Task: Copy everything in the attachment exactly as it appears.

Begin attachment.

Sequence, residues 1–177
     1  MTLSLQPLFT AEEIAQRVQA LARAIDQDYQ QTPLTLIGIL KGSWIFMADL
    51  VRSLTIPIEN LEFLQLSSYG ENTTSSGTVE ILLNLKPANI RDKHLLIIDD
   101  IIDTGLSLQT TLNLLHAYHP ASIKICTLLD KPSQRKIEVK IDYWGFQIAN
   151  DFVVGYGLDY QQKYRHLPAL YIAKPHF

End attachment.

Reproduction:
Sequence, residues 1–177
     1  MTLSLQPLFT AEEIAQRVQA LARAIDQDYQ QTPLTLIGIL KGSWIFMADL
    51  VRSLTIPIEN LEFLQLSSYG ENTTSSGTVE ILLNLKPANI RDKHLLIIDD
   101  IIDTGLSLQT TLNLLHAYHP ASIKICTLLD KPSQRKIEVK IDYWGFQIAN
   151  DFVVGYGLDY QQKYRHLPAL YIAKPHF